Facebook’s brief explains that the warrants sought “information that cannot possibly be relevant to the crimes the Government presumably continues to investigate,” including what “Group” people belong to (and who else is in that group), chat messages, private messages, friends list (including removed friends) and even past and future events.  And indeed, for the vast majority of the target, the information was not relevant to any crime.  Only 62 people were ultimately charged.

Nevertheless, the DA disputed Facebook’s right to challenge the warrant in court, and the New York state trial court agreed, holding that “it is the Facebook subscribers who could assert an expectation of privacy in their posting, not the digital storage facility, or Facebook.” The court reasoned that this wouldn’t be a problem, because a criminal defendant could move to suppress the evidence before trial.

But what about the users who are never charged?  The court never grapples with that issue, perhaps not realizing that ultimately 80% would not be the fraudsters the DA was looking for.  Instead, the opinion moves on to justify the non-disclosure provisions by raising the spectre of evidence tampering by the users. 

Under this pair of holdings, no one is allowed to challenge the authority of the DA in court.  Facebook is not allowed and the users don’t know.  (Ironically, in an earlier case involving Twitter, the court had found that the user had no rights to challenge the NY DA’s data demand on Twitter).

To paraphrase yesterday’s landmark Supreme Court ruling, the Founders did not fight a revolution to gain Fourth Amendment rights that no one can assert. 

Facebook has appealed this dangerous precedent, seeking to “invalidate these sweeping warrants and to force the government to return the data it has seized and retained.”  And, nearly a year after the warrants issued, the case has been unsealed.  But, despite a temporary stay, Facebook was eventually forced to comply, and the DA continues to hold a digital dossier of the lives of over 300 people never charged with a crime.

Law enforcement & the DOJ are plotting how to get around Supreme Court’s warrant requirement to search phones:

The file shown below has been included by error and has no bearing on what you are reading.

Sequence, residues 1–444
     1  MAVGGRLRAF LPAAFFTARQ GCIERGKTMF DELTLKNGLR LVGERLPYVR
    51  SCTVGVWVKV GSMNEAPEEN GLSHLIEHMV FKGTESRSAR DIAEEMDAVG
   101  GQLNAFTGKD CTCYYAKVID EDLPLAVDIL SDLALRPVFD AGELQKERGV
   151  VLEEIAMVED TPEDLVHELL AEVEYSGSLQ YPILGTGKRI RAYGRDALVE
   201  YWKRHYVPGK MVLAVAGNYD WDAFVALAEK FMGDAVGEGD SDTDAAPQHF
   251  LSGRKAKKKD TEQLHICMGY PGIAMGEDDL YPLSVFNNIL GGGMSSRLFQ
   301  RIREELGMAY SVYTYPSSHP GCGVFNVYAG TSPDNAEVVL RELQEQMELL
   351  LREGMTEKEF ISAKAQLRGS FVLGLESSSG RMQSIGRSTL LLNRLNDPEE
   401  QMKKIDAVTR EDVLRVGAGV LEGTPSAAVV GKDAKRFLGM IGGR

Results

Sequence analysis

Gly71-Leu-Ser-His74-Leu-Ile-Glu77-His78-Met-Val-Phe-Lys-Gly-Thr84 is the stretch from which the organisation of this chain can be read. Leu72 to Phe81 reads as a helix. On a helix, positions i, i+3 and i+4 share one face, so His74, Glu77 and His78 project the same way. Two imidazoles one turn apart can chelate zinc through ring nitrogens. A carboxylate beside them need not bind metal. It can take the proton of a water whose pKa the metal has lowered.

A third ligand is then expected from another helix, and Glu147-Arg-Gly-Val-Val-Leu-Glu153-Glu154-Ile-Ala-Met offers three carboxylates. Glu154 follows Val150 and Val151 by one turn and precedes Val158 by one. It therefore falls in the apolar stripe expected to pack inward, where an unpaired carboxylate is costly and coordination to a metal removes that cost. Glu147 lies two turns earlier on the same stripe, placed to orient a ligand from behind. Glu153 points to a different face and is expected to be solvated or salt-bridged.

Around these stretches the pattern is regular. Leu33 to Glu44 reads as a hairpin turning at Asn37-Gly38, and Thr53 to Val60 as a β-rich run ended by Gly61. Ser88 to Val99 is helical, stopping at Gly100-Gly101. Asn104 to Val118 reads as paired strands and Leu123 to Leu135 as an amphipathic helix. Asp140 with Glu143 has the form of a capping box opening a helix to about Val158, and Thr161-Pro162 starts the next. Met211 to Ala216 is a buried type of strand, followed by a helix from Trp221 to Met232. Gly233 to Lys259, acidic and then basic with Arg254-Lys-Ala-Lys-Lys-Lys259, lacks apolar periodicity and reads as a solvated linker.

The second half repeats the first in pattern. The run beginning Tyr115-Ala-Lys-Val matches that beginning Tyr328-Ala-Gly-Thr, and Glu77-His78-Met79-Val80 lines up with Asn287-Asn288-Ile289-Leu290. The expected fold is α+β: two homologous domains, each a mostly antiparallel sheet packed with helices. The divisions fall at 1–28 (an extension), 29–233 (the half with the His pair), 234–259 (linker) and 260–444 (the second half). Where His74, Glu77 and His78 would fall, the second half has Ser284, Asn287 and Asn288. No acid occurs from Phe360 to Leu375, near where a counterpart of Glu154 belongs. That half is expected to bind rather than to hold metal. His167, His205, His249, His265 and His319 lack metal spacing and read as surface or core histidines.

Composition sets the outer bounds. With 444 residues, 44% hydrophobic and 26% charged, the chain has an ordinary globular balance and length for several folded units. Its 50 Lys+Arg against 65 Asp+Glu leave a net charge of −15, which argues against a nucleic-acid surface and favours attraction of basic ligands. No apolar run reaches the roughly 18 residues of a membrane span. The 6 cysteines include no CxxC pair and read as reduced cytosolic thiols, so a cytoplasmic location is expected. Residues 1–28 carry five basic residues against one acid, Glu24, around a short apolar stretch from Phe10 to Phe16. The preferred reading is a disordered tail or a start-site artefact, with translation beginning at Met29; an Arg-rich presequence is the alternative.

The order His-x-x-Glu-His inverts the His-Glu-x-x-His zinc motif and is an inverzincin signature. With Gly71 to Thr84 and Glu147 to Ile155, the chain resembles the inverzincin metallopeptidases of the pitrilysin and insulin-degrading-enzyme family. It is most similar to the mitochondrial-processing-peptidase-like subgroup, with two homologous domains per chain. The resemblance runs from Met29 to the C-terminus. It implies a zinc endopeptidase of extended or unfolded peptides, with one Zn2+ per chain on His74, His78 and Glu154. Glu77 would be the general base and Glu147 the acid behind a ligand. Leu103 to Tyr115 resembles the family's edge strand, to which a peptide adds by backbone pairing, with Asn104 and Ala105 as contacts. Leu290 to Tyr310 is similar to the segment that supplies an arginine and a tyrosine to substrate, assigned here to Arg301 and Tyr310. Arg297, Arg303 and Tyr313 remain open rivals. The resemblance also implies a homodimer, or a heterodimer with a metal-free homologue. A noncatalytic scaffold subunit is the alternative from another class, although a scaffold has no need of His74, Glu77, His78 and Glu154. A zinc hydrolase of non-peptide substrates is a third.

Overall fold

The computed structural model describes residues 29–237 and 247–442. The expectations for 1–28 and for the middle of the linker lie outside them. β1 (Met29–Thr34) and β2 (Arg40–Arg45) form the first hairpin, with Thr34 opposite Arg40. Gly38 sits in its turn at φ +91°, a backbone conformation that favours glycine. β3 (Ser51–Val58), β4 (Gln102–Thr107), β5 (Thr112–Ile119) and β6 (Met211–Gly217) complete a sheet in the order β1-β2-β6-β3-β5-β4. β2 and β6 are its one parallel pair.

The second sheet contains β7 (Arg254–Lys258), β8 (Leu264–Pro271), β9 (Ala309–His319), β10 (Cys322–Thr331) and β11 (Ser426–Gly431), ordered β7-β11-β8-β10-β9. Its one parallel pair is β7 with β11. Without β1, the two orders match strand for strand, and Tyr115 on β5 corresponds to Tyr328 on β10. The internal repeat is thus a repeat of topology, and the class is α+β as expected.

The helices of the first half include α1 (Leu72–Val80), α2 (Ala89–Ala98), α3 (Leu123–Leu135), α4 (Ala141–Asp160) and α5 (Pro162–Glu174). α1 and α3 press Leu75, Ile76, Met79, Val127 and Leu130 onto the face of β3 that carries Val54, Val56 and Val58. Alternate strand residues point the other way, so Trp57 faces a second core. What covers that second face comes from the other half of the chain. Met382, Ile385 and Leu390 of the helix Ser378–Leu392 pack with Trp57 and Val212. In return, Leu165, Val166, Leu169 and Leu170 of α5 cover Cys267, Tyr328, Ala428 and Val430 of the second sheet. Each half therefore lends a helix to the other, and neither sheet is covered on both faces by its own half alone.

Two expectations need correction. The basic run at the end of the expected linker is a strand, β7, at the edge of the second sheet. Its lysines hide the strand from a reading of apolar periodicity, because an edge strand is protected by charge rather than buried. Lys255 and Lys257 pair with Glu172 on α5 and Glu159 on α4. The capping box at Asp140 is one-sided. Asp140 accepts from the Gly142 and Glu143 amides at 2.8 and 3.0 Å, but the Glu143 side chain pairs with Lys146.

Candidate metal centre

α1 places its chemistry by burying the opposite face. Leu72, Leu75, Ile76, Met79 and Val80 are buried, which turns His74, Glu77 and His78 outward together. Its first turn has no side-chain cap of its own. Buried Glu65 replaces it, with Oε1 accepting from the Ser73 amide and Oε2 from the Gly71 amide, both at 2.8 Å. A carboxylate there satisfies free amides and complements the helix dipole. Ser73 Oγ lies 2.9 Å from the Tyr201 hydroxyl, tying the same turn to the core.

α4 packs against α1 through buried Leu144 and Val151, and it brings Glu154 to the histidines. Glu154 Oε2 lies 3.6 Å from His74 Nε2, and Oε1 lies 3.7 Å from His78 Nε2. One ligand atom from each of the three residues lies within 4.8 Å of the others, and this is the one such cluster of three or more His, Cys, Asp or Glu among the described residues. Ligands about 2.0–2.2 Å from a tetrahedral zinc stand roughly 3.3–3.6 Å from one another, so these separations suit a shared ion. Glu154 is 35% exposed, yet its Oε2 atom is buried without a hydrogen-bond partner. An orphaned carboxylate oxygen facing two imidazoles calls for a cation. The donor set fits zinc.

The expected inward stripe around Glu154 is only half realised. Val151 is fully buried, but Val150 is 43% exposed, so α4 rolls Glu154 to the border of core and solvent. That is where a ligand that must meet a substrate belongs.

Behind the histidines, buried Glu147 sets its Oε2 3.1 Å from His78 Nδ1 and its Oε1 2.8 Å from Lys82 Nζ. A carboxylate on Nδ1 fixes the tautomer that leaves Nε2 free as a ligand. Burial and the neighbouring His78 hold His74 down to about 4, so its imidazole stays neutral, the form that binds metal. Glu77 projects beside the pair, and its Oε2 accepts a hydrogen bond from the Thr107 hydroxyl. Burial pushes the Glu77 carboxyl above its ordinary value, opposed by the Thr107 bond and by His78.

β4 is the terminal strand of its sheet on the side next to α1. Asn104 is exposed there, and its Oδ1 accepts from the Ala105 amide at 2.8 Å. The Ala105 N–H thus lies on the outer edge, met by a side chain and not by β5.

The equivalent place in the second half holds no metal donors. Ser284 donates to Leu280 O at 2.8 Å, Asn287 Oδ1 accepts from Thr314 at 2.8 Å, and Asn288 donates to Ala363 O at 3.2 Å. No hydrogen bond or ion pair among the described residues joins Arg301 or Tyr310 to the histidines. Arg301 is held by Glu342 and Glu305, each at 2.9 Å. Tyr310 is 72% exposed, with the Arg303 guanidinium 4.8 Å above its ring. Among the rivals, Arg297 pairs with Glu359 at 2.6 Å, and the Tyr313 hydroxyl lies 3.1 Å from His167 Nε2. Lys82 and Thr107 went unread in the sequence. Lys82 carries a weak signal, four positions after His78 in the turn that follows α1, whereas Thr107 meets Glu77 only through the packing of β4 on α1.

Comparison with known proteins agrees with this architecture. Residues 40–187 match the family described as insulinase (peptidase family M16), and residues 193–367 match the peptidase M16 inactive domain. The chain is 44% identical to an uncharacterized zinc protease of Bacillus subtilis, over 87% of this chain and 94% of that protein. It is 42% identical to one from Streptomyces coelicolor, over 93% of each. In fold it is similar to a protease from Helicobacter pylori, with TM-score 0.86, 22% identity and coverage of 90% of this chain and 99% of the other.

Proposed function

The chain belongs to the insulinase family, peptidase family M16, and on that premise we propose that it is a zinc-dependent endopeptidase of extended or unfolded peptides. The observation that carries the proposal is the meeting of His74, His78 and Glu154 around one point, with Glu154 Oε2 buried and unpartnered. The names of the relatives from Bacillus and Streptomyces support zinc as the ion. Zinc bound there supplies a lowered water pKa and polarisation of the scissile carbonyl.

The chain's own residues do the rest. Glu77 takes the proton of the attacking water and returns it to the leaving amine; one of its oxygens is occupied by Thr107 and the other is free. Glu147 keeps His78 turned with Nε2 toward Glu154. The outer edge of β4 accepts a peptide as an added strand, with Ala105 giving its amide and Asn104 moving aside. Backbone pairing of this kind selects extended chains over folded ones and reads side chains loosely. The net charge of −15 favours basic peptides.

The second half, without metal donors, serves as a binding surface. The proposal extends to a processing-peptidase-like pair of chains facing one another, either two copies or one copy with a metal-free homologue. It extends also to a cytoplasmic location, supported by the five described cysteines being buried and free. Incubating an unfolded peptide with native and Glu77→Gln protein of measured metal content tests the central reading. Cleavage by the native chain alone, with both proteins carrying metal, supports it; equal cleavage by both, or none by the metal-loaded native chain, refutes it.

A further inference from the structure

Jim Pasco, the executive director of the Fraternal Order of Police, points out that due process should be ignored when gangs are around:
Jim Pasco, executive director of the Fraternal Order of Police, the country’s largest police union, imagined the police busting a drug deal with two suspects, one who gets cuffed and another who gets away.

The arresting officers “want to get into that phone and see if they can get the other guy,” he said in an interview. “Or gang situations. They communicate almost exclusively by phone. There’s more at stake here than due process. It’s public safety.”Meanwhile, another police spokesperson overreacts by suggesting warrants are somehow difficult to get:
Besides the delay, one problem is such a warrant might not be approved, said Bill Johnson, executive director of the National Association of Police Organizations, which counts about 240,000 rank-and-file police officers as members.

“You have to make that jump: I bet he’s got a bunch of stuff on his phone. And that’s not good enough,” he said. “The officers are really going to have to point to something specific that ties that phone or that suspect’s use of phones to the commission of a crime.”He makes that sound horrible, but that’s what the Constitution says. Just because there may be bad stuff in someone’s house the police don’t get to just search it. They have to point to something specific. That’s the 4th Amendment. Has Johnson never read it?

Meanwhile, at the DOJ, they’re already plotting on ways to get around this ruling by seeing how far they can push the “exigent circumstances” exception:
Ellen Canale, a Justice Department spokeswoman, said the agency would work with law enforcement to ensure “full compliance” with the decision.

“We will make use of whatever technology is available to preserve evidence on cell phones while seeking a warrant, and we will assist our agents in determining when exigent circumstances or another applicable exception to the warrant requirement will permit them to search the phone immediately without a warrant,” Canale said.